Follow

Why don't static routes work for remote access VPNs?

Outbound sessions originate from within the network. When an outbound session reaches the Ecessa appliance, it is either intelligently load-balanced over one of the WAN interfaces or is sent out a specific WAN interface if it matches the rules for a static route. Inbound sessions, however, originate outside of the network and are routed in. When an inbound request reaches a WAN interface, the session forms a relationship between the traffic and that interface. All traffic that is returned, regardless of static routing rules, will be sent out the same interface it came in on.

 

For example, a user connects to a remote access VPN over WAN1. A session is created between the user and the IP address for WAN1. Although a routing rule may exist to send all traffic over WAN2, traffic for the remote access VPN will continue to be sent over WAN1. This is because the user's machine is expecting to receive a response from WAN1 and not WAN2.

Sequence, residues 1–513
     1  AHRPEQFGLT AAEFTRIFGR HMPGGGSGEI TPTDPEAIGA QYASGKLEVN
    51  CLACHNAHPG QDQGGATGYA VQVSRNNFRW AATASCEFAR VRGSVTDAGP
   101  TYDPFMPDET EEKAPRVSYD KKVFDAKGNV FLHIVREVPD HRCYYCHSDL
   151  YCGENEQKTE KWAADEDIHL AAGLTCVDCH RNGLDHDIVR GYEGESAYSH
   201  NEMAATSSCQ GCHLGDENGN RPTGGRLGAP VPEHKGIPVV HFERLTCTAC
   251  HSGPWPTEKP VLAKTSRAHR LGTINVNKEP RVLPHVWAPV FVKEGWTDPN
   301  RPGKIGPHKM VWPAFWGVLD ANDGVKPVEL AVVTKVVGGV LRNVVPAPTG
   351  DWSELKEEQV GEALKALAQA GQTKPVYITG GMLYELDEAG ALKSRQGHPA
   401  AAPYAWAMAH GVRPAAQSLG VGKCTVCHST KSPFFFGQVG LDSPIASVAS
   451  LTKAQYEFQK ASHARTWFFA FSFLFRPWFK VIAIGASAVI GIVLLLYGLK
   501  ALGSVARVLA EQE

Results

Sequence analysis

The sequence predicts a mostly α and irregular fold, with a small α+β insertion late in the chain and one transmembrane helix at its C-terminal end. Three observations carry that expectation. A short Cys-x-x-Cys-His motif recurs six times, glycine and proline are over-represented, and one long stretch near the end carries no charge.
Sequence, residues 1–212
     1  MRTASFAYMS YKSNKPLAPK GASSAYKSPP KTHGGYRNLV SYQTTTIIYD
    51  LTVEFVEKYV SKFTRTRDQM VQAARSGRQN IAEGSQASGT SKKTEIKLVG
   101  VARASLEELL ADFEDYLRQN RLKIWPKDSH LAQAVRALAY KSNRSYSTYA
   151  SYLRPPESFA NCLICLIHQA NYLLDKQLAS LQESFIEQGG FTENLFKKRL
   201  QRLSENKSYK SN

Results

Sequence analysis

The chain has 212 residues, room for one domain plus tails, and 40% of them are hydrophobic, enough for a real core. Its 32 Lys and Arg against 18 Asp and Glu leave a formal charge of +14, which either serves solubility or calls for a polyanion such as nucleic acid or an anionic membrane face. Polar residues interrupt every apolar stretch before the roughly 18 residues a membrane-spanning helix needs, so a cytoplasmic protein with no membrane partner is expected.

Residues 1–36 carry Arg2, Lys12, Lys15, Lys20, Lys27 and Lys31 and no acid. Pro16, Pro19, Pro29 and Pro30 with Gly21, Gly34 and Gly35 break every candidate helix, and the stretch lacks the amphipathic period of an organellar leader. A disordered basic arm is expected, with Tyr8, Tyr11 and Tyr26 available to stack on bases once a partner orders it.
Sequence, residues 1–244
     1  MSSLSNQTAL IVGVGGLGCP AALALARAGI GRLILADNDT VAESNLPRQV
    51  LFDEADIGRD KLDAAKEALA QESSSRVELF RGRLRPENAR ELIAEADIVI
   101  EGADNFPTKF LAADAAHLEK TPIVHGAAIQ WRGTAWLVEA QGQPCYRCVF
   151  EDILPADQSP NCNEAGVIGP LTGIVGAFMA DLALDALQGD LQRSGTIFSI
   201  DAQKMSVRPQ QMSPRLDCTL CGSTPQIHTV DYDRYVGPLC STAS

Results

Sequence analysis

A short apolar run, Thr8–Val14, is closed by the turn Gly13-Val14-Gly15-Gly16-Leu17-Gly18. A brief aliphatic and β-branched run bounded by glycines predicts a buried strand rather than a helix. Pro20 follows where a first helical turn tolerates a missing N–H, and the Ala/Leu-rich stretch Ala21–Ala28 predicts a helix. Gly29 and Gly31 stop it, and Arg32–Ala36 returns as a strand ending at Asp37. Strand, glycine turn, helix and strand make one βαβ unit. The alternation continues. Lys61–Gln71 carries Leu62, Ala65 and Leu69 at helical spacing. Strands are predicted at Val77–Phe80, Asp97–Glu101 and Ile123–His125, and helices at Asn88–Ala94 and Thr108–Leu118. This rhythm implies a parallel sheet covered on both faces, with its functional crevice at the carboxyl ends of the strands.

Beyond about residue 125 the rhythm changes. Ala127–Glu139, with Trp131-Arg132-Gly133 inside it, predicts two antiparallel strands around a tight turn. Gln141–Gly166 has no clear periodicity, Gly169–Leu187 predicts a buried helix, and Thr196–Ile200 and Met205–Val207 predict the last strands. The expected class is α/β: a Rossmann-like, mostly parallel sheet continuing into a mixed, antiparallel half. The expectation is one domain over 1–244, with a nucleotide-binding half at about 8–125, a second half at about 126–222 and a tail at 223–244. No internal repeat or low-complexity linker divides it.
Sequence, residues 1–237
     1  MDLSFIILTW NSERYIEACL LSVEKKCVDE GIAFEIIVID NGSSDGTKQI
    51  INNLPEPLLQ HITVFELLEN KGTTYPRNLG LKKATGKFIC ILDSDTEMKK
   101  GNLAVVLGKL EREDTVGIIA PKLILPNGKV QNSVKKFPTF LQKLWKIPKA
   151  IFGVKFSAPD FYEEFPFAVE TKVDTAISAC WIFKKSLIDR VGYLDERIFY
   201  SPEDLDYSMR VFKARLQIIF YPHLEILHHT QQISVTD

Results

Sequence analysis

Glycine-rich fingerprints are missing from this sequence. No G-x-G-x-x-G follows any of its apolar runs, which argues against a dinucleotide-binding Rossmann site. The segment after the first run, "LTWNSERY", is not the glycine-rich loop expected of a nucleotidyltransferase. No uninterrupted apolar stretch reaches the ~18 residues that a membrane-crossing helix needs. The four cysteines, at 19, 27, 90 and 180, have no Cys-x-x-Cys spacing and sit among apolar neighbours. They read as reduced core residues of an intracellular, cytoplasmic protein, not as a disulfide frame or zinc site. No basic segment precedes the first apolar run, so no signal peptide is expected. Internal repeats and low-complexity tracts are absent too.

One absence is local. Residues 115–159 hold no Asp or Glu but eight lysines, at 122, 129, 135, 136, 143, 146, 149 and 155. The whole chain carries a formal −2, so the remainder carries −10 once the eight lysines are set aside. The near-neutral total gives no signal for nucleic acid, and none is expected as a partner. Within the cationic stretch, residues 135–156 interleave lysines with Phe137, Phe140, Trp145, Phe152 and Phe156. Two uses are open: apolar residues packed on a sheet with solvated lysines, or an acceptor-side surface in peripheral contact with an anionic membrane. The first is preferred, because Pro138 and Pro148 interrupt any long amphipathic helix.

Typically speaking, most clients establish remote access VPNs by connecting to a host name. To ensure these inbound sessions are coming in over the preferred WAN interface, the DNS records for that host name must resolve to the IP address of the preferred WAN interface.

 

In conclusion, static routes are only applied to outbound sessions. Remote access VPNs are, by nature, inbound sessions and therefore are not affected by static routes. DNS can be configured to resolve a hostname to a particular IP address or a preferred order of IP addresses to direct users to connect over certain WAN lines.

Was this article helpful?
0 out of 0 found this helpful
Have more questions? Submit a request

0 Comments

Please sign in to leave a comment.